or “Safe Launch,” in which a low-volume production run is initiated to make sure the process is capable of maintaining consistent quality.
“Nowadays we tend to run off numbers instead of gut feel,” adds Bubanovich. “We’re a more data-driven organization. We look at injection pressures and ask, ‘Why is it different?’ It took five years to get everybody there and get the data recorded and get people looking at the data.”
Bubanovich says a new training program will be required once B&B installs a real-time production and process monitoring system from IQMS
. Soon, all the company’s injection presses will be tied into the central monitoring system to record uptime, downtime amounts and causes, cycle times, scrap rates and reasons. Operators will be able to enter barcode scans for each box of product filled. Such data are manually recorded now, but the automated system will free up operators’ time and prevent errors, says Dalton.
INVESTING IN TECHNOLOGY
B&B Molders is also investing in processing hardware to improve productivity, product quality, and quality of the work environment. The latter is an important focus for the company, notes Krezel. He points to the last three machine purchases—all-electric and hybrid presses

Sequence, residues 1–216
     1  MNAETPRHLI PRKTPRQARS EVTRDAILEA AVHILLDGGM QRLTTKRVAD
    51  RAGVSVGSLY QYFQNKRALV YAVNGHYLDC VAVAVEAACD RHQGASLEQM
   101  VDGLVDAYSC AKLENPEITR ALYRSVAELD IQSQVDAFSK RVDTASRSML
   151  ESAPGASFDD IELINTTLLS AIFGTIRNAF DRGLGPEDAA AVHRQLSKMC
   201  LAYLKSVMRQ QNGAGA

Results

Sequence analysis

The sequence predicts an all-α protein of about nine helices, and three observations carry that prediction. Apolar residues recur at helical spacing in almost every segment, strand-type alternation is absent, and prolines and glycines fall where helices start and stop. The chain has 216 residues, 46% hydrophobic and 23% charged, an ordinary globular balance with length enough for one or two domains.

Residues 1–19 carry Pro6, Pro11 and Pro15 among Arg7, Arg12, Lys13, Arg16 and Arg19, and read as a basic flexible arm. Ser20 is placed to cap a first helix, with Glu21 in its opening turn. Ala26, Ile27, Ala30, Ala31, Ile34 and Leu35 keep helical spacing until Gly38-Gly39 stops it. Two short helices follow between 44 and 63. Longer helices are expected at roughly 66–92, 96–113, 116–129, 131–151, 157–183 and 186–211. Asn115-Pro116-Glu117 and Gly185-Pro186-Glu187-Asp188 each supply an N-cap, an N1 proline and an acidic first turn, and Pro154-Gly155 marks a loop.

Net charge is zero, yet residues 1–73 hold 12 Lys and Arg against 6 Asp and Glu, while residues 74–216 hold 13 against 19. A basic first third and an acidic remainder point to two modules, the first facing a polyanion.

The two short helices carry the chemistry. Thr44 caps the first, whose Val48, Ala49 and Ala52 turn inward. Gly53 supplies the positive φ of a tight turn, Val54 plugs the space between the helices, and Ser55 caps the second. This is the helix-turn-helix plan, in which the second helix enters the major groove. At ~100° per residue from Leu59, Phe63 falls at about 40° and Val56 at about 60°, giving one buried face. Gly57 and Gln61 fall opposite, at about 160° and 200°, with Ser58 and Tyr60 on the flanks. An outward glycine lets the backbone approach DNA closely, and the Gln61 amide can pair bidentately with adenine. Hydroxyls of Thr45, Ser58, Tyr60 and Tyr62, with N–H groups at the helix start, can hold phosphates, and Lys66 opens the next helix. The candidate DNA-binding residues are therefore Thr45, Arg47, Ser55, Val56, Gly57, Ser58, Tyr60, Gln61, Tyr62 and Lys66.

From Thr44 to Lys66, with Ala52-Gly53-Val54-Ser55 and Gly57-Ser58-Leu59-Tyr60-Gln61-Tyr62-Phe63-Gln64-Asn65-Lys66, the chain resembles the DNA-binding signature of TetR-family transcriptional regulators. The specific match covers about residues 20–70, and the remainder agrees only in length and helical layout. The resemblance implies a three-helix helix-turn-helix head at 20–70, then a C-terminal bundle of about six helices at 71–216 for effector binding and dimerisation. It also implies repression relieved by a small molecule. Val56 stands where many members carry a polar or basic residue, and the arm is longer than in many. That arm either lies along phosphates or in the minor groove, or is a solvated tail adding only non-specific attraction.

and Sodick Plustech
. He expects to keep going in that direction for the sake of quietness, cleanliness, and energy efficiency. Their precise repeatability, he adds, allows B&B to run faster cycles while maintaining part quality.
Most of the scrap granulating takes place in a special room to keep noise and dust out of the work area. And to prevent material cross-material contamination, there’s even a separate room for cleaning the granulators.
Krezel and Murphey are especially proud of a $450,000 Resin Works central drying and conveying system from Conair
, installed one year ago. The system has three dryers, each supplying a row of 10 drying hoppers with individual temperature and airflow control.
“Drying is the heart of our business,” says Krezel, noting that the company runs a lot of engineering resins, like ABS, PC, SAN, and nylons. “This was a huge problem solver. Before, we were hampered by our drying capacity, constantly waiting for dried material. We would run part of the day, and then have to shut down as material started to arrive too wet. Without this new system, we couldn’t maintain our current very low scrap rates.”
For especially critical jobs, such as a clear polycarbonate lens, B&B still uses individual portable dryers at the machine to avoid even the tiniest bit of crosscontamination, which shows up easily in clear parts.
Accompanying the drying system is a Conair central material distribution system with a manifold for dry-air conveying of up to 40 materials to the plant’s 15 machines. The manifold uses flexible hoses for each machine destination that are coupled manually to material source ports. The couplings are linked electronically to the main controller, which will not allow a material other than the one specified for the job to be conveyed to a machine.